Apple 2.0

Covering the business that Steve Jobs built

iPad 3G: Pre-orders to arrive April 30; new orders pushed back to May 7

April 19, 2010: 7:54 AM ET

Apple's "magical" device, promised by "end of April," will make it with 7 hours to spare

UPDATE: In a press release issued Tuesday, Apple announced that customers who pre-ordered 3G iPads will receive them on April 30, and that units will be made available for sale at Apple retail stores at 5 p.m. local time. The company seems to have delivered on its "end of April" promise after all, with 7 hours to spare.

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According to Apple's (AAPL) Jan. 27 press release, the iPad 3G was supposed to be "available in April in the US and selected countries."

By March 5, when Apple announced that the iPad Wi-Fi's original March ship date had slipped to April 3, the 3G model's "available in April" had become "late April."

Last Wednesday, when Apple let it be known that international iPad sales had been pushed back to May, it mentioned in an aside that the company had "also taken a large number of pre-orders for iPad 3G models for delivery by the end of April" -- wording that, in retrospect, left open the possibility that delivery might not actually happen by then.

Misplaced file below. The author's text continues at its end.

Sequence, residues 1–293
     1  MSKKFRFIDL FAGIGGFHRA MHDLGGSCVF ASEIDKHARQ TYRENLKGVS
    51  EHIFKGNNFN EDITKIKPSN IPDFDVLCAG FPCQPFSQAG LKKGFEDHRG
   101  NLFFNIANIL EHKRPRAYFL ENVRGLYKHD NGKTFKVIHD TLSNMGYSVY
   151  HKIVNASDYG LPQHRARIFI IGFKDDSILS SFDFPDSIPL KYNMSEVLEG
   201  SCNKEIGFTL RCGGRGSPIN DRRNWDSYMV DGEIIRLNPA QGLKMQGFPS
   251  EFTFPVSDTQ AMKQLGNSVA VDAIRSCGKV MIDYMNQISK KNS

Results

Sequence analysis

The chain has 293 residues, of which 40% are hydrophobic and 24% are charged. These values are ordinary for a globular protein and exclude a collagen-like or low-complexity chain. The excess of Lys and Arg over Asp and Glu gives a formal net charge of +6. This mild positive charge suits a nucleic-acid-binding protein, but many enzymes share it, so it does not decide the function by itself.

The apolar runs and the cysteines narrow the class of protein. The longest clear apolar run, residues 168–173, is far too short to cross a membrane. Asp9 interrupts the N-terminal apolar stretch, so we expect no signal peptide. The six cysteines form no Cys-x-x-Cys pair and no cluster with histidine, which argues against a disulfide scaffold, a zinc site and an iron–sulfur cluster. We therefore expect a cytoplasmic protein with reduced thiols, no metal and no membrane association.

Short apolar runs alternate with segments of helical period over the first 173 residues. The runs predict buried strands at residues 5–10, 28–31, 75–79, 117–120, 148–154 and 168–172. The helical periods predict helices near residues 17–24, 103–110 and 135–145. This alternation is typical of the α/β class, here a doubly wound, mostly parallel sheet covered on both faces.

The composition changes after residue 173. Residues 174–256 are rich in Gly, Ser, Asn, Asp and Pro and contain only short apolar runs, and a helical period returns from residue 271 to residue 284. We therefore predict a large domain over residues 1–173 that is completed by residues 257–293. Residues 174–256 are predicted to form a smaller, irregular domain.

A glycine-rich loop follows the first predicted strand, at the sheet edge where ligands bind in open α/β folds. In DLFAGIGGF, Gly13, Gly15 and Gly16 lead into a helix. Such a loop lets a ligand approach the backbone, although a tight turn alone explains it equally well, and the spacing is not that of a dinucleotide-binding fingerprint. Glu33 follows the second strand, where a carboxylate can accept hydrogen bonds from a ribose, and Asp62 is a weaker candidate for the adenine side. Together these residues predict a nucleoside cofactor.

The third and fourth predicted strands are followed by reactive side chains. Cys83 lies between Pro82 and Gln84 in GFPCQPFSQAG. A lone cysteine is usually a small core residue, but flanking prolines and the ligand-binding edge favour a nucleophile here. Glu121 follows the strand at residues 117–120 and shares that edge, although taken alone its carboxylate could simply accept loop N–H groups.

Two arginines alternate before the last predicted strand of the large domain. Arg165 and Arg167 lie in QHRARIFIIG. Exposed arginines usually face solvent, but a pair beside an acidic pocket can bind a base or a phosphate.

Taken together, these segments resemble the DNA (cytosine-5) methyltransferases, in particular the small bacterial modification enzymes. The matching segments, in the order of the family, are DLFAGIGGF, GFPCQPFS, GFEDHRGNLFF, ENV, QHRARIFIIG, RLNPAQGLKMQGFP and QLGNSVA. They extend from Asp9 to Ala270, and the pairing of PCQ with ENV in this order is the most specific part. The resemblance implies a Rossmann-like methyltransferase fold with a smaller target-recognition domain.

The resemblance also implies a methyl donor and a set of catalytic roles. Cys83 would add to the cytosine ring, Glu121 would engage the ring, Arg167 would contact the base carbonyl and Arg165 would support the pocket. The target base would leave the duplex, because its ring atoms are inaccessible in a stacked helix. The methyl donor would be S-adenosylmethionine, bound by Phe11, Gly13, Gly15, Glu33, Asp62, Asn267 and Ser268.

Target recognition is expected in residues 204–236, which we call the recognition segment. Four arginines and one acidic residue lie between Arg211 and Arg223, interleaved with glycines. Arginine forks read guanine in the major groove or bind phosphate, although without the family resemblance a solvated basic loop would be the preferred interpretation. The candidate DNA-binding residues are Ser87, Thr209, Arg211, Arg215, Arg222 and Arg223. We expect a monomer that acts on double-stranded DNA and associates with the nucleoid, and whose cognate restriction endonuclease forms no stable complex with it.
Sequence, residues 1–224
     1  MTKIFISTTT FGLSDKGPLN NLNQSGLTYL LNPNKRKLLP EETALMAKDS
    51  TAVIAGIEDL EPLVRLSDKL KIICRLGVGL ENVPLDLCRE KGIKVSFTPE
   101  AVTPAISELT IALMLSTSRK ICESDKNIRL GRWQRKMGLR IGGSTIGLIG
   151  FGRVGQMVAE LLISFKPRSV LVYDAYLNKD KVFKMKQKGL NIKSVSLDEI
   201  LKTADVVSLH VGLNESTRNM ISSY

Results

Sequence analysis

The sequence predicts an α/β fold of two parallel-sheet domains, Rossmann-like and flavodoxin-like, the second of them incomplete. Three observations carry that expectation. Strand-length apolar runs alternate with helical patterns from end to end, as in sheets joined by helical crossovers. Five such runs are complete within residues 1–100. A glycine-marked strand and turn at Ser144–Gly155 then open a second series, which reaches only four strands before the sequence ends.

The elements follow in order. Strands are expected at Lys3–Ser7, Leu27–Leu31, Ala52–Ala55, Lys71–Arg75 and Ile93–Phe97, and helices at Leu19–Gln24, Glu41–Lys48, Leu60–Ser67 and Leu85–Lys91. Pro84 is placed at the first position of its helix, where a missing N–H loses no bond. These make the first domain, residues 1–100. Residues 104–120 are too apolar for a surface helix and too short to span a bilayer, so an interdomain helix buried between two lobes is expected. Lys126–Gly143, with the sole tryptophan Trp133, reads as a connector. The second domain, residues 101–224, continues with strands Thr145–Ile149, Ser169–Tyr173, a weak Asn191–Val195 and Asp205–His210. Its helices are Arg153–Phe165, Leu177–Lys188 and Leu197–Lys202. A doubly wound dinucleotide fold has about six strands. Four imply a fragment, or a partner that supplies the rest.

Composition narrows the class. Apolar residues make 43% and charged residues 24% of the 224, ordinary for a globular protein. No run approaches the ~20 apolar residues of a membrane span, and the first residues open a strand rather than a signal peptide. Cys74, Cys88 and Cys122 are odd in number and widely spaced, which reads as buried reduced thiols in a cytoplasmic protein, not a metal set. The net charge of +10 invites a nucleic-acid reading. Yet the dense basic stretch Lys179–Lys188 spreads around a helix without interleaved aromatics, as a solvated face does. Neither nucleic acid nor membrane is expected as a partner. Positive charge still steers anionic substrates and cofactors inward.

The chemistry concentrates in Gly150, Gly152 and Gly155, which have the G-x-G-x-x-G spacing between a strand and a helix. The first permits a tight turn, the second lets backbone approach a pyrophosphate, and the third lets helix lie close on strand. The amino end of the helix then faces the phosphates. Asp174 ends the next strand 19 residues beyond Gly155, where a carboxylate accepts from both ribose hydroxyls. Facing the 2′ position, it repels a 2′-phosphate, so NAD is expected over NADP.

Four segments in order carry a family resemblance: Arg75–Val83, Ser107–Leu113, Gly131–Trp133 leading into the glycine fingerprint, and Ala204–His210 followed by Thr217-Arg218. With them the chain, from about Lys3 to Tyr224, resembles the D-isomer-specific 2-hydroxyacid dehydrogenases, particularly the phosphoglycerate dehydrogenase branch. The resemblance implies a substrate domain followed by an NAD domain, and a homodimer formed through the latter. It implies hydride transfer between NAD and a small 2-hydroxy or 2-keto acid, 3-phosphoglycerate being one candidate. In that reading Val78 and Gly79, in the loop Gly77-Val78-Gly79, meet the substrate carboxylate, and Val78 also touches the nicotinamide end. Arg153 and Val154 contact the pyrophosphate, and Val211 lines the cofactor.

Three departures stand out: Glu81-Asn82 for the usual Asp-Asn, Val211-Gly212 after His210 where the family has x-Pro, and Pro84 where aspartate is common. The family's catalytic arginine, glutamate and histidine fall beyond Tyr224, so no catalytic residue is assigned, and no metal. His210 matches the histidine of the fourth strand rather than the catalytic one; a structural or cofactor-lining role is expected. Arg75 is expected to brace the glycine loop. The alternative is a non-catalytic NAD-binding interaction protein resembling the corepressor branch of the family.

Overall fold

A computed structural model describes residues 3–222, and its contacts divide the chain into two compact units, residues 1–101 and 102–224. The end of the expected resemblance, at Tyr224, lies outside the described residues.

[UPDATE: As several readers have pointed out, Apple cleared up that ambiguity Monday morning with a mailing to early pre-order customers to assure them that their 3G orders would be shipped in late April "as communicated at the time you placed your order."]

Steve Jobs -- who can be a master of misdirection -- was even vaguer. When a customer asked "will the iPad 3G models still ship on time as planned (end of April) in the US, if I order one today? Or will the 3G US orders be postponed as well?" Jobs' one-word answer, e-mailed from his iPhone, was a terse but ambiguous "Yes."

Early Monday morning, we found out that both meanings were operative. According to Apple's letter to customers, early pre-orders will ship on time. If you order an iPad 3G today, however, shipment will be postponed until as late as May 7th.

Apple attributes all this to "surprisingly strong" demand for the new device. But by definition it's also having trouble building them fast enough.

NOTE: An earlier version of this article, written before Apple's letter to customers came to light, had a snippier headline. It's now clear that it was out of line.

[Follow Philip Elmer-DeWitt on Twitter @philiped]

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Philip Elmer-Dewitt
Philip Elmer-DeWitt
Editor, Apple 2.0, Fortune

Philip Elmer-DeWitt has been following Apple since 1982, first for Time Magazine, and now on the Web for

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